There wouldn’t be another monster mash on this level until the early 2000s when New Line Cinema would pit two of the most famous slasher villains against one another in Freddy vs. Jason. The film had been in development hell for many years with neither New Line nor Paramount reaching an agreement on how to bring the two franchises together. There were little hints like Freddy dragging Jason’s mask underground at the end of 1993’s Jason Goes to Hell but the two wouldn’t clash until 2003. The film amounts to little more than excuse to see the two fight each other and critics seemed to agree with the film receiving poor reviews but some enjoyment coming from horror fans. The film made a profit but ended up marking the end for both franchises until they were rebooted to middling successes. Since these failed reboots the franchises have remained dormant and Freddy vs. Jason remains a novel, if often forgotten entry in the horror canon.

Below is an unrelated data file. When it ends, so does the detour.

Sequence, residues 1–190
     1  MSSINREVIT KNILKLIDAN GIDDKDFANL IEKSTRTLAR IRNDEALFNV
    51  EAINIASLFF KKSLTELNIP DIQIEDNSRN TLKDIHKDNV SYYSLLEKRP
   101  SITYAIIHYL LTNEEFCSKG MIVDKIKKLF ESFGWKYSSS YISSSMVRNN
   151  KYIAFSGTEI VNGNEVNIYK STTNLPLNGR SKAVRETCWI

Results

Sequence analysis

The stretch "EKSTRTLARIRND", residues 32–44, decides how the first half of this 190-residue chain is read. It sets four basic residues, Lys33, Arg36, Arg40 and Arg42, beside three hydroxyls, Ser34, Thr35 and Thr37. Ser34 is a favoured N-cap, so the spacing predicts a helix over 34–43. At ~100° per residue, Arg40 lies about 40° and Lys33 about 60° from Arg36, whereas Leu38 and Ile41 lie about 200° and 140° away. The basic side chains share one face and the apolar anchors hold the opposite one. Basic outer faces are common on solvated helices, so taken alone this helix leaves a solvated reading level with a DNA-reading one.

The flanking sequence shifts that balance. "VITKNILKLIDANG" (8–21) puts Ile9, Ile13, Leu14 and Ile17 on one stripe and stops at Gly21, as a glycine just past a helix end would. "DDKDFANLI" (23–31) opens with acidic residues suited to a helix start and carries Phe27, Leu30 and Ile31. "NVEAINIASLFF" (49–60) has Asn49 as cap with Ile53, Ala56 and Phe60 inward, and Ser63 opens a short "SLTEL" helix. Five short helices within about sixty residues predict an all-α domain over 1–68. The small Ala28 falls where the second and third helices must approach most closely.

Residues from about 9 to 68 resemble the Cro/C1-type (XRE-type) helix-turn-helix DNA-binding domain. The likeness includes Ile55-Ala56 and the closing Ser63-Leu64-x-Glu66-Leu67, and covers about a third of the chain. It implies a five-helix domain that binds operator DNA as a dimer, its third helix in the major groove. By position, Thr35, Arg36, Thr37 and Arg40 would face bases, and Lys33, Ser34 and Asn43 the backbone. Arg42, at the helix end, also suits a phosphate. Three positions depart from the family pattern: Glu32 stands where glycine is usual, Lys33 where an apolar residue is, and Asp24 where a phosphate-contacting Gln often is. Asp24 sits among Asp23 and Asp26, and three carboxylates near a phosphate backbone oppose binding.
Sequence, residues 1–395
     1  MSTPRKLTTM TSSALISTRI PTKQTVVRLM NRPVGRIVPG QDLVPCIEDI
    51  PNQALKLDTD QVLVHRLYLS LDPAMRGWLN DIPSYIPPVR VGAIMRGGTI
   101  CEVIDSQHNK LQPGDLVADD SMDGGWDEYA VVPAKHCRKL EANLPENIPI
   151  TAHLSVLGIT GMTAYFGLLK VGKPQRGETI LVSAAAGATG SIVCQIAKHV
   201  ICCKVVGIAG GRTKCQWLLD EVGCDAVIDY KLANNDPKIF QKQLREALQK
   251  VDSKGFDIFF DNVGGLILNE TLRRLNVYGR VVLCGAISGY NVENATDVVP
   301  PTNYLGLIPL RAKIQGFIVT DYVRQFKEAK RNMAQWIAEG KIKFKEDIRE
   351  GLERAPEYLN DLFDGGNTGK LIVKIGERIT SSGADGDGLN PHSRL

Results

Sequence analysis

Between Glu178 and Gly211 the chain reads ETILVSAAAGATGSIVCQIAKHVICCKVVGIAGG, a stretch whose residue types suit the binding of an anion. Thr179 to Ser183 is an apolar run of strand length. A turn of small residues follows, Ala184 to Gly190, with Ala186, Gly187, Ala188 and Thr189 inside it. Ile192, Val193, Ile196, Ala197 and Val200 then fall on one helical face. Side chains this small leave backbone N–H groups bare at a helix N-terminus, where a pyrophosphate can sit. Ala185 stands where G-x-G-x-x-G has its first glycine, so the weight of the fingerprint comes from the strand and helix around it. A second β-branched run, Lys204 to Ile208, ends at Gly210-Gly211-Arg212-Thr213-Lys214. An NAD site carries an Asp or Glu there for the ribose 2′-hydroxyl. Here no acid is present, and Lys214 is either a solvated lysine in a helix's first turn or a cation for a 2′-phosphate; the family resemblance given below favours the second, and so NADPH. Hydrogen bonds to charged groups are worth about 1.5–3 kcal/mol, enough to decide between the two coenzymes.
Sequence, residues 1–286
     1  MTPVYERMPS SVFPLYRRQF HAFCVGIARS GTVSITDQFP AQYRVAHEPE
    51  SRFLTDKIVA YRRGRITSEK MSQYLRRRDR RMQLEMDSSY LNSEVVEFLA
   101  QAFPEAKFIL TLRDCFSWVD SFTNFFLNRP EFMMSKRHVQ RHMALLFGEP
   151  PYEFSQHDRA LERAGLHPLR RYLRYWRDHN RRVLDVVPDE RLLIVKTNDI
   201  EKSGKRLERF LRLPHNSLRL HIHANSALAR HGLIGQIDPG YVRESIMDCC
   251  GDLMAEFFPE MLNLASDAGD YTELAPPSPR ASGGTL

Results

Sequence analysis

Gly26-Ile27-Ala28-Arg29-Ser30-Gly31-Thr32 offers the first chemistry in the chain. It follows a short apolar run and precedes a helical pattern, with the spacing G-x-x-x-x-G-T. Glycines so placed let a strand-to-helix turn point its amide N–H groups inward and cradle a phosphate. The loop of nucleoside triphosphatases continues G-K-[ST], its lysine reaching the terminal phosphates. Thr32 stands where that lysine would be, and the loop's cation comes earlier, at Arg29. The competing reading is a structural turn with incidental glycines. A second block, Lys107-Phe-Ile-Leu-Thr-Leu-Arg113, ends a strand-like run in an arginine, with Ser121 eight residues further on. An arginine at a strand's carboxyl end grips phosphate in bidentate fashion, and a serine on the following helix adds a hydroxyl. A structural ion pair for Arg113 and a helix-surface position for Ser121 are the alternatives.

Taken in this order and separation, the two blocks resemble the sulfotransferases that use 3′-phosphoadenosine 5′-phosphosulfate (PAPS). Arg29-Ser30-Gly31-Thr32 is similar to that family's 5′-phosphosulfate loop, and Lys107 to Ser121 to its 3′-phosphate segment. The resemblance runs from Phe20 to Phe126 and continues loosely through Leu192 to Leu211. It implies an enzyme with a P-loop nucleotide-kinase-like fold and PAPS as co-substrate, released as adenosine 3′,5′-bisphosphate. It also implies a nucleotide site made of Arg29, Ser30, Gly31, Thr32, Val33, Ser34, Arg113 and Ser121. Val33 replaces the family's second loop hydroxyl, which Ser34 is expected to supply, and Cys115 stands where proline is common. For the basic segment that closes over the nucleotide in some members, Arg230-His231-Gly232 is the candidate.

The following year would see a similar crossover with 20th Century Fox’s Alien vs. Predator. This was not a new concept as the creatures had crossed paths in the world of comics and Fox was very eager to breathe life back into the two franchises. Much like Freddy vs. Jason, the film was in development hell for several years and wouldn’t see the light of day until much later, and would open to negative audience reception. Most found the idea of the Xenomorph and the Predator fighting to be novel and fun, but not enough to carry a weak story and characters. It and Freddy vs. Jason succumbed to the same issues that plague most horror sequels; a lack of imagination and unengaging stories. Just a way to make a quick buck with some mindless action. Ultimately, this became the fate for many of these crossover versus movies. The mashups of the 40s and of the 2000s were received the same way, a fun idea that didn’t amount to much. Even still, these types of films manage to have cult followings.